In recent years, there has been increased recognition that when assessing the state of the labour market it is important to pay attention to not just the quantity of jobs, but also the quality of jobs.
This has come about as a result of widespread agreement that a sole focus on how many jobs an economy has offers only a partial perspective, with a growing consensus that an understanding of the quality of jobs is also required.
This paper aims to examine and profile the quality of jobs in Northern Ireland and to assess divisions in job quality, amongst those in employment.
Using data from the Poverty and Social Exclusion Northern Ireland survey, this paper will use the OECDs recently developed multi-dimensional conceptualisation of job quality to assess the quality of jobs in Northern Ireland. It will also look at in-work progression (and regression) over time in terms of the skills used, the variety of tasks performed and the level of responsibility. From here the paper moves to examine the impact of poor job quality for a number of individual health and well-being outcomes.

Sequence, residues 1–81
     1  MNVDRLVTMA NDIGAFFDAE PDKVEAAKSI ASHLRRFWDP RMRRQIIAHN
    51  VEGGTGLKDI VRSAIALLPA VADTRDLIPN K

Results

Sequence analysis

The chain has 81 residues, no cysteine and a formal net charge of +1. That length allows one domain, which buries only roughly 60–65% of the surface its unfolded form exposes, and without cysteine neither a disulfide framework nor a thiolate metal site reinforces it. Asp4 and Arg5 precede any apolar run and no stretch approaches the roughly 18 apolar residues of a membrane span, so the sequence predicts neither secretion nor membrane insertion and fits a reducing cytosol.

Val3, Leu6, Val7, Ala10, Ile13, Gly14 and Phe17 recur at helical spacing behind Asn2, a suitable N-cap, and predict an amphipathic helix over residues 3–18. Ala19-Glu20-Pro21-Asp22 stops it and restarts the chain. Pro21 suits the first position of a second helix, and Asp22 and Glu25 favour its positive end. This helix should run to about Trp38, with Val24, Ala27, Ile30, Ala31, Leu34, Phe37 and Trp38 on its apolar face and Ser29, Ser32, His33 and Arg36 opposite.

Overall, the paper provides greater clarity on the quality of jobs in Northern Ireland, whilst also helping to establish an understanding of both the determinants and the impact of poor job quality for individuals.